Infamous NZ tabloid journalist Derryn Hinch once said that con men only prosper because people are greedy. But Hinch was writing in a pre-internet time, about a get-rich-quick scam. Today, many scammers rely on people’s tech naivete and gullibility. How on earth, you might wonder, would anyone be taken in by the classic Nigerian Prince scam?

But scammers are often much more sophisticated than that, and they can snare even the most savvy investors.

With his retirement growing closer, Peter Correy decided to make a boring but safe investment.

He wanted to invest in Treasury bonds and use the proceeds to fund a laid-back beach lifestyle on the NSW Central Coast with his wife Michelle.

After using an online investment comparison website he was contacted by someone claiming to be from the Swiss investment bank UBS.

It’s not clear, here, how exactly this transpired. But it should be noted that such apparent cold-calling should be a red flag. When it comes to financial institutions, etc, you should always be the one contacting them. For instance, your bank will not send you an email with a link to click: they’ll instead tell you go to their website independently.

A rare exception will be if they contact you to check on a suspicious transaction.

Leaving that aside, though, these scammers were thoroughly clever bastards.

The “representative” helped broker a deal, and Mr Correy believed he was buying bonds from an established Australian company, Newtech Industrial Group.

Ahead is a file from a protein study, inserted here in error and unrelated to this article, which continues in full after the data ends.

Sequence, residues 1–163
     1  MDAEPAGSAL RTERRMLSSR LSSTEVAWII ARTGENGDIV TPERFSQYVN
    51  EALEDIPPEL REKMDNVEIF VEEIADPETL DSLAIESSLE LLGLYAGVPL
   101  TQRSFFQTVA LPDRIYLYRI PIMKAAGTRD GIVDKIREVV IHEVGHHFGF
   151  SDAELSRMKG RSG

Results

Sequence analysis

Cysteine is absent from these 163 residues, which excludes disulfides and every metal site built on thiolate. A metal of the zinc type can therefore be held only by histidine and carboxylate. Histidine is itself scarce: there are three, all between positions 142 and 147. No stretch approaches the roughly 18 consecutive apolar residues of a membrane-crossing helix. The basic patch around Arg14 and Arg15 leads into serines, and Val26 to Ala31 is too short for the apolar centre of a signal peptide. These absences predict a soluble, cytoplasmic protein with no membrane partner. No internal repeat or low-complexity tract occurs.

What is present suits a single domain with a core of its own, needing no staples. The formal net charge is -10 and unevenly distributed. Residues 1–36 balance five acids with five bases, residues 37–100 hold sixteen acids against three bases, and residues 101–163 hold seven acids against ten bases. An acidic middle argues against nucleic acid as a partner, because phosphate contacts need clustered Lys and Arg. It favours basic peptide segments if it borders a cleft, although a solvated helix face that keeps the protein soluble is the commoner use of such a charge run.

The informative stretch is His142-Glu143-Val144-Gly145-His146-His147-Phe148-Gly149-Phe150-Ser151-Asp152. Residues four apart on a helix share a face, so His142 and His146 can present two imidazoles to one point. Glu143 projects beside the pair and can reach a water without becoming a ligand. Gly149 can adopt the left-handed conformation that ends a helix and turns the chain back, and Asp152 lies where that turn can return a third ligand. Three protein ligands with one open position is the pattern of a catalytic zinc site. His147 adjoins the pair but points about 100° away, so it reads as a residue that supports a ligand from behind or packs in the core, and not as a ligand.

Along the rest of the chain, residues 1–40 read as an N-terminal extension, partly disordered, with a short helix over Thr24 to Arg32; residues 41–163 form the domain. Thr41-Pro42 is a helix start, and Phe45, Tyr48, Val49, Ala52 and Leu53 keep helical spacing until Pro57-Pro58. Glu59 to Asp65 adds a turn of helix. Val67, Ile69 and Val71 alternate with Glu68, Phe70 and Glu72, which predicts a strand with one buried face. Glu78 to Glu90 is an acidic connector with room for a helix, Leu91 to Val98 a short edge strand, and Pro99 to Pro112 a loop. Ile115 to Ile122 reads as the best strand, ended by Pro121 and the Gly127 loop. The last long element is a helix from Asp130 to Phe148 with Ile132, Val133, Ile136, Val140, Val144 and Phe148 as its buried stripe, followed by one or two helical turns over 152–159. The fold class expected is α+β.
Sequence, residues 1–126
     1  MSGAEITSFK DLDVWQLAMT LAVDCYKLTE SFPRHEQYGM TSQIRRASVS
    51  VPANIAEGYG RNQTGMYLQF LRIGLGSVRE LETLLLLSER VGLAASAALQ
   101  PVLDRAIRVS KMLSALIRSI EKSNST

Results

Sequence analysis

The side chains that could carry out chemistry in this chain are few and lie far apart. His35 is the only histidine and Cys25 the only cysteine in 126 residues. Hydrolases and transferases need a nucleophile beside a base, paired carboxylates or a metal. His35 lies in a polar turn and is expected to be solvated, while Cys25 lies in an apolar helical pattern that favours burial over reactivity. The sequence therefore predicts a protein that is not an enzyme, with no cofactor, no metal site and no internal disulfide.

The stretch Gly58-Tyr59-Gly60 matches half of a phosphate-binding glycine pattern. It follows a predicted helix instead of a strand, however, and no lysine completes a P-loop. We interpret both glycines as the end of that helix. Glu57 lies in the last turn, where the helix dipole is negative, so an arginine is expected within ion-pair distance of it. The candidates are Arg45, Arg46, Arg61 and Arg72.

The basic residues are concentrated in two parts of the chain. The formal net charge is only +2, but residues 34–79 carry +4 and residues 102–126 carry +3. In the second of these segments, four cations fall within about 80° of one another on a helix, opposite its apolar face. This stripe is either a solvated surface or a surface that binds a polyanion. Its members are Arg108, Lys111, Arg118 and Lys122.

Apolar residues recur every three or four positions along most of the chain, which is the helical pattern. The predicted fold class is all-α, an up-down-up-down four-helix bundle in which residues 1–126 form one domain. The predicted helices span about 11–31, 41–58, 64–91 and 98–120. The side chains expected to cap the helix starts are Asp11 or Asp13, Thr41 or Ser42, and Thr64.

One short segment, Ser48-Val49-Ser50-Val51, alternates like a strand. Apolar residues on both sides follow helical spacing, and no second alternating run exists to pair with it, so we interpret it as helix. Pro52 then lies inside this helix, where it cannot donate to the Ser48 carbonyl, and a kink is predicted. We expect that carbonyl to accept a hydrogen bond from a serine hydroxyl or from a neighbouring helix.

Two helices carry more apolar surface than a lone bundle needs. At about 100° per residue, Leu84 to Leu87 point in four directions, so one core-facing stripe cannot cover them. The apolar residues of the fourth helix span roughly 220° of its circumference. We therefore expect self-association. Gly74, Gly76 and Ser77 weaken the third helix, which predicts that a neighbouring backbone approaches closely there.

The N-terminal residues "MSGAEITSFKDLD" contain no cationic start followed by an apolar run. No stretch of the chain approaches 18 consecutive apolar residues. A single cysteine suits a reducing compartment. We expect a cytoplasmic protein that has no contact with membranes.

But after depositing $450,000 into Newtech’s bank account in April and May 2022, Mr Correy became suspicious.

It turned out he had not been speaking with UBS, but a scammer impersonating the Swiss bank.

Here’s where it gets scary.

Even though he had been conned, many of the details involved were real.

Newtech Industrial Group was a real company that had been registered in Australia since 2007. The bank account he sent his money to was their real bank account. And the account was with a real bank: the Commonwealth Bank of Australia (CBA).

This is the second example uncovered by the ABC of an Australian company’s bank account allegedly being used to receive stolen funds before the money is laundered offshore.

It raises serious concerns about how Australian companies are regulated, and whether weaknesses in the system are being abused by criminal networks to perpetrate fraud.

As for scammers, they had more front than Myers.

After Peter Correy reported the alleged scam, his bank managed to get two thirds of his funds back. Newtech’s bank account was also shut down.

But that’s when things got really weird […]

Its directors contacted Mr Correy to try and get it re-opened, making elaborate claims about what had happened.

The men said Newtech had received his money and sent it to accounts in Poland and Indonesia, believing that was exactly what Mr Correy wanted.

“They came back to me, completely dumbfounded as to why we would freeze the account,” Mr Correy said.

“They said, ‘But we’ve got all this signed documentation from yourself wanting to invest in Newtech.’”

They even sent him the signed documentation to prove it. They were all forgeries. Correy had never seen them in his life.

“All [the agreements were] using our forged signatures, which they had taken from the passports that we sent through to open the account with UBS,” Mr Correy said.

If you’re thinking they were foolish for sending through their passports, it probably wouldn’t have mattered anyway: it appears the scammers were able to get documents they never should have had.

Oddly, there was also a photo of a physical copy of the couple’s home loan bank statement, a document that Mr Correy says he never sent to his scammers.